There have been claims from former Mexican partners of CWCO seeking to reverse actions taken by CWCO or approvals granted by regulators and courts on the Rosarito project. These are presumably attempts to secure an interest in the project or force CWCO into a settlement. So far, CWCO has prevailed in the courts but the matters are not completely resolved.
The progress made by CWCO in bringing the Rosarito project to life is encouraging, but there are still considerable uncertainties and, as CWCO itself notes in its disclosures, it may not be successful in completing this project.
In Bali, CWCO’s plan to shut down the plant has been on hold due to a lawsuit that has been filed by its sole remaining customer to keep the plant open. The customer has sued for damages because of CWCO’s alleged breach of its water supply agreement from CWCO’s planned cessation of operations. In April 2018, a district court in Bali ruled that it had no authority in the case because the supply agreement requires all disputes to be handled through arbitration in Singapore. The plaintiff has appealed. CWCO management says that the company is incurring about $300,000 in costs annually to continue to operate the plant.
Management also reported that negotiations with the new utilities regulation and competition office (OfReg) of the Government of the Cayman Islands toward renewing CWCO’s operating license there have been progressing and are hopefully near a conclusion.
Having followed CWCO for more than five years now, I have both positive and negative impressions of management as well as a reasonable understanding of the risks and opportunities facility the company and its shareholders.
On the positive side, it is clear to me, even though I have never toured any of CWCO’s facilities or talked to its regulators or customers, that CWCO is a good operator of (small-size) desalination plants. For example, the Water Authority-Cayman (WAC), which operates other desalination plants on the island, has relied upon CWCO often to keep certain of its plants in good working order. The company has also extended its expertise to other areas in the Caribbean, including the Bahamas, Belize and the British Virgin Islands.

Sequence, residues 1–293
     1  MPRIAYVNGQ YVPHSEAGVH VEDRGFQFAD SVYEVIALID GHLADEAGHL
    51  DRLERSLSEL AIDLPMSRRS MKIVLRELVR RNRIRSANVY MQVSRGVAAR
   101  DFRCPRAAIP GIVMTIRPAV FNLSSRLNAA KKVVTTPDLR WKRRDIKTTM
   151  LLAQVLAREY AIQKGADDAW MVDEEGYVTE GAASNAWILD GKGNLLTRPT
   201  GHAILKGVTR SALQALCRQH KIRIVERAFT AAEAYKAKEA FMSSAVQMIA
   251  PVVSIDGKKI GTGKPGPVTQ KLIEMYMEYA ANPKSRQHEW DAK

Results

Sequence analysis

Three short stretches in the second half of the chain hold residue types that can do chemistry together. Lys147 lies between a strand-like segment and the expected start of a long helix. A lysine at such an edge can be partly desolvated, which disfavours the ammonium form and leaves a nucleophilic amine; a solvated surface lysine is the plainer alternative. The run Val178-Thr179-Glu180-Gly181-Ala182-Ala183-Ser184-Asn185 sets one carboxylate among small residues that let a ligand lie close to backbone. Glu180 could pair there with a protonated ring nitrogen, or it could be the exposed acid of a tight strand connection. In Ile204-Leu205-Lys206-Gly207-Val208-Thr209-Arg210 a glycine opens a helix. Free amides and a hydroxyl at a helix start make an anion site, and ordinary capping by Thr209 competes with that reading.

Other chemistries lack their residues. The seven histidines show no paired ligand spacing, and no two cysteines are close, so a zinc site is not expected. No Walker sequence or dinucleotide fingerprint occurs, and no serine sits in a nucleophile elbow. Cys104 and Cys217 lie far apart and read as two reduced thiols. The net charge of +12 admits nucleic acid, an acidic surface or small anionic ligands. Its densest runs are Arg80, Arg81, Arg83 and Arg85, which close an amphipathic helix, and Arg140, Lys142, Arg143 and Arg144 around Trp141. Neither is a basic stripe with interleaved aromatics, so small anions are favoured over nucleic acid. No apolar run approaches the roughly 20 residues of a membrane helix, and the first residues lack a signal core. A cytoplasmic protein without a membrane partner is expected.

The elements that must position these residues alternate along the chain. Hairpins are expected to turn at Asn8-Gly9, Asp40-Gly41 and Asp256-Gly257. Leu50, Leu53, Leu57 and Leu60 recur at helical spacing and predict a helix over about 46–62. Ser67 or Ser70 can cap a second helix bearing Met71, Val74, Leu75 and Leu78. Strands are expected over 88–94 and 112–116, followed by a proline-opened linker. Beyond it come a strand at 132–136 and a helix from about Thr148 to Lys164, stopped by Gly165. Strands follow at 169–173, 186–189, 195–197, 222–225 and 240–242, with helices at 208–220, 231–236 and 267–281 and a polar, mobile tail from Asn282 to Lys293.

It therefore makes good strategic sense for CWCO to pursue an expansion of its operations outside the Caribbean. Fresh water is a scarce resource. Saltwater is abundant (and will become more so, over time). It seems almost certain that long-term demand for desalinated water will rise. CWCO seems to be in a strong position to benefit from that growing demand, primarily from building and operating small-scale desalination plants and perhaps over time in large-scale plants.
So far, the problem has been in the execution. CWCO chose to pursue a “build it and they will come” strategy in its first forays outside the Caribbean. The company initiated project planning and development with no apparent approvals from local governments. Yet, both Bali and the area around Rosarito have long-term fresh water needs making them logical choices for locating desalination plants; and the investments required – a few million in the case of Bali and even the $48 million spent so far on Rosarito – are within the company’s means. CWCO could therefore handle the financial risk of launching the projects without government approvals.
Even so, Bali has been a disaster. The plant has attracted only one customer willing to enter into a long-term supply agreement. Operating losses continued at a moderate level after the plant was completed until CWCO made the decision to close the plant last year. In my mind, there is still a faint hope that new customers will emerge, or the government will step in to provide some form of support, but the chances of salvaging this investment now are admittedly low.
Despite the recent equity subscription agreement for Rosarito, there are considerable uncertainties surrounding the project (as noted above), making it unlikely that CWCO will complete the project within the next few years. With $48 million in expenditures to date, it is still uncertain when and if CWCO will be able to realize a return on its investment.